Roger Federer claimed notable titles at Wimbledon and the ATP Masters Cup in 2003, finishing the season in second place behind US Open champion Andy Roddick. Working with Peter Lundgren since 2000, Roger decided to change the focus and start the next season without a coach. Without the help of his box, Federer was one of the players to beat at the Australian Open, seeking both the title and no. 1 place for the first time. Roger passed the first three hurdles smoothly, beating opponents ranked outside the top-100 to set up the fourth-round clash with Lleyton Hewitt. With just two wins in the previous nine encounters against the Australian, Federer made no mistakes this time to reach his first Australian Open quarter-final, facing another fierce rival. David Nalbandian defeated the Swiss in five sets in Melbourne a year ago, also at the US Open in September, with Federer serving as a rematch after a 7-5, 6-4, 5-7, 6-3 win in two hours. and 41 minutes. The Argentine did his best to stay in the race, suffering five breaks and losing concentration in the crucial moments to push the rival. Federer held his nerve in the final stages of the first set and overcame a 4-3 deficit in the second to carve out a huge lead. David won the third set before Roger rallied in the fourth to move into the last four and a victory away from the ATP throne. With a rock solid performance, Federer defeated Juna Carlos Ferrero 6-4, 6-1, 6-4 in an hour and a half to advance to the final and become number 23 in the world. 1 since 1973. It was his seventh meeting and the fourth win for the Swiss, who saved all four break opportunities to increase pressure on the other side of the net. Struggling with injury, Ferrero couldn’t match those numbers, serving four times to propel Roger over the top.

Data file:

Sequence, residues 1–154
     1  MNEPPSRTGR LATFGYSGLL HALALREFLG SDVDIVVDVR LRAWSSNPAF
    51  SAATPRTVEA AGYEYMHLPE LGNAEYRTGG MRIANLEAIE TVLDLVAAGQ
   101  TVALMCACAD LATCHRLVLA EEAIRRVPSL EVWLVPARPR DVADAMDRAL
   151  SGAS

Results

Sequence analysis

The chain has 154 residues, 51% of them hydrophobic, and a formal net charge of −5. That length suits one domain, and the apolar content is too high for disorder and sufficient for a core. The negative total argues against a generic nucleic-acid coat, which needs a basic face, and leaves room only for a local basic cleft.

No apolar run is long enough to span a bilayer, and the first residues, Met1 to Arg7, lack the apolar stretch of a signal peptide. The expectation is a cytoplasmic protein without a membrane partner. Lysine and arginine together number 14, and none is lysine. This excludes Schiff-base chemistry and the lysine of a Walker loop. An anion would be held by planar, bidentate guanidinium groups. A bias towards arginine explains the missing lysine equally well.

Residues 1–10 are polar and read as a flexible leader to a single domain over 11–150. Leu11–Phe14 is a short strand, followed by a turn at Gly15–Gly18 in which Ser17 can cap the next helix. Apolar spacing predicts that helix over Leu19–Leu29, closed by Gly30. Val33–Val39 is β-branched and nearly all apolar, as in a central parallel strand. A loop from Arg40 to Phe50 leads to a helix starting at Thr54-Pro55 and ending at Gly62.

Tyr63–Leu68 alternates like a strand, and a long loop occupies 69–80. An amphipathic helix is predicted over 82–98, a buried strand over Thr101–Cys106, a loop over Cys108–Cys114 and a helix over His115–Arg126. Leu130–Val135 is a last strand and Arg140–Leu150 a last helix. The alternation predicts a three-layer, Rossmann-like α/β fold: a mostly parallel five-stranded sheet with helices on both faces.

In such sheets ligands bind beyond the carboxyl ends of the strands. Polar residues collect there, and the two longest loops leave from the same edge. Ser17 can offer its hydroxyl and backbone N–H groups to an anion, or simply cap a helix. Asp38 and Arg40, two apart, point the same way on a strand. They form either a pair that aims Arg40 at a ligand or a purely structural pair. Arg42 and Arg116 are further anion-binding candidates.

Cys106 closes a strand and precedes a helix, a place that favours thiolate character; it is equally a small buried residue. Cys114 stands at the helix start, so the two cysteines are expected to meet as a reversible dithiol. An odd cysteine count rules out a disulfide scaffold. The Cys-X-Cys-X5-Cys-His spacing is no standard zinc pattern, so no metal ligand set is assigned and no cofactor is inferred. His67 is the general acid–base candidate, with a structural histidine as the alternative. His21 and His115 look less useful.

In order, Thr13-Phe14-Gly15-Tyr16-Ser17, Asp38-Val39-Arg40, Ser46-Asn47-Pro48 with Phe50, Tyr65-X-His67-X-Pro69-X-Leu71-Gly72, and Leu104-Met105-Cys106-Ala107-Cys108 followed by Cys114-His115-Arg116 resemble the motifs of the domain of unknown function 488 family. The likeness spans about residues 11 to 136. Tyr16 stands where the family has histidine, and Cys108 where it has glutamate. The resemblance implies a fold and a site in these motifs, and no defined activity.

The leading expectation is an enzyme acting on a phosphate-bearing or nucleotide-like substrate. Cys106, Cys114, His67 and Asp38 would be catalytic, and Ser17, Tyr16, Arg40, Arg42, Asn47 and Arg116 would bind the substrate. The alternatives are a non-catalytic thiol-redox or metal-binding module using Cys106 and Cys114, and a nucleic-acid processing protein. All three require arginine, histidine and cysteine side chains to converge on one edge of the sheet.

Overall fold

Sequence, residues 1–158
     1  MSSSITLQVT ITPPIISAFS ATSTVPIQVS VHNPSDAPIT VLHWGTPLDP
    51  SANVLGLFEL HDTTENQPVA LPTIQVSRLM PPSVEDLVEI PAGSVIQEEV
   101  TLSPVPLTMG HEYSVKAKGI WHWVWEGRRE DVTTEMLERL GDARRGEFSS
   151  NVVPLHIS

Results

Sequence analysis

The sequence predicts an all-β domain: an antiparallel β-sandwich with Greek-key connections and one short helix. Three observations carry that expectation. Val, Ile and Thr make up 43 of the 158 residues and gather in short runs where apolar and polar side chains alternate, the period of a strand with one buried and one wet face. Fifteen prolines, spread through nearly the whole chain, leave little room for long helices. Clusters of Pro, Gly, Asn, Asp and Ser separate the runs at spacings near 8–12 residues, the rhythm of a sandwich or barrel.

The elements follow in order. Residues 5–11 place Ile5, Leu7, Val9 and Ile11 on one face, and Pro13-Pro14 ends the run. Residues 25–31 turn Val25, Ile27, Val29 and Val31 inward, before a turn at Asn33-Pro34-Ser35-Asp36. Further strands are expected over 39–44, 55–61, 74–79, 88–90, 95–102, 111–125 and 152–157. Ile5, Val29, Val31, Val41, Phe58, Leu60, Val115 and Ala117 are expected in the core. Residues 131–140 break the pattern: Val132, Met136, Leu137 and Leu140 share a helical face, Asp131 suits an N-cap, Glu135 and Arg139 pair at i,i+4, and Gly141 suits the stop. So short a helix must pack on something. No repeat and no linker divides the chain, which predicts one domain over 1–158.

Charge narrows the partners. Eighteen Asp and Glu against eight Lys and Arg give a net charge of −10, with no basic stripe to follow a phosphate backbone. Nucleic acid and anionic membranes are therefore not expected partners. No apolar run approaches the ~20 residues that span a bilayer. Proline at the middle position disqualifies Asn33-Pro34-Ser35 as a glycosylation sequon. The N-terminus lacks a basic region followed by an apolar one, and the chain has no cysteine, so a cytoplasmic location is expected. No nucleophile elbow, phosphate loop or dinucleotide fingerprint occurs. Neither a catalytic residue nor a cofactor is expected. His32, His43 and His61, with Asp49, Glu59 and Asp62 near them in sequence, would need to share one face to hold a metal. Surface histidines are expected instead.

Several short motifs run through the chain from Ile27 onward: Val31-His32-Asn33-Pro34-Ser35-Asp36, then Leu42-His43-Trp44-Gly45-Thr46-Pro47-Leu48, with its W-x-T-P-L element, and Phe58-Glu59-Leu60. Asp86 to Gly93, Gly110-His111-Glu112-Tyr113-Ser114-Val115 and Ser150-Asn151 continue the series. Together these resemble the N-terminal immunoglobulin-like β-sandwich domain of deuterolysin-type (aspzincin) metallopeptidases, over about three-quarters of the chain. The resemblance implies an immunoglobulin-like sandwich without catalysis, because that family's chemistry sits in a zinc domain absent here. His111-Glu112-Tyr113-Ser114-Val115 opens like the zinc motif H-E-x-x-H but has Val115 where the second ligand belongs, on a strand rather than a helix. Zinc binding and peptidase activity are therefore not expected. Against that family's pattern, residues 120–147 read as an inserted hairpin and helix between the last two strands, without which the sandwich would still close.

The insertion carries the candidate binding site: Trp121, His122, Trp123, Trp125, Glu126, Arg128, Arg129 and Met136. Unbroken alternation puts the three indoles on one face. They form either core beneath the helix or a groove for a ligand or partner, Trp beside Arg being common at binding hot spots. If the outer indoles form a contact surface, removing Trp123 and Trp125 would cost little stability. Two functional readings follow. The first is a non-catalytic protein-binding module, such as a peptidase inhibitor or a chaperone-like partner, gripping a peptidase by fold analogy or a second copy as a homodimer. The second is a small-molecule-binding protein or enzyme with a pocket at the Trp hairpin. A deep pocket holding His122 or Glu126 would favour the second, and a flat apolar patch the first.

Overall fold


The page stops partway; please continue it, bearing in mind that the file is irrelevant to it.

Mouratoglou speaks about Roger Federer
During the course of his interview, Patrick Mouratoglou also discussed the Grand Slam race between Roger Federer, Rafael Nadal and Novak Djokovic. While Federer and Nadal are tied at 20 Majors (the all-time record in men’s tennis) right now, Djokovic is just behind at 18. “Novak, I think it’s obvious and regarding Roger, for sure, he’s had a long injury that actually lasted much longer than what he expected himself,” Mouratoglou said. The Frenchman further believes that given Federer’s age and fitness levels, his focus going forward will be on the Grand Slams. “He knows that he’s going to be 40 this year,” Mouratoglou added. “He can do anything else but focus on the Grand Slams, making his preparation completely Grand Slam focussed to give himself the best chance. It’s more like Wimbledon focussed and then the other Slams and lastly Roland Garros.”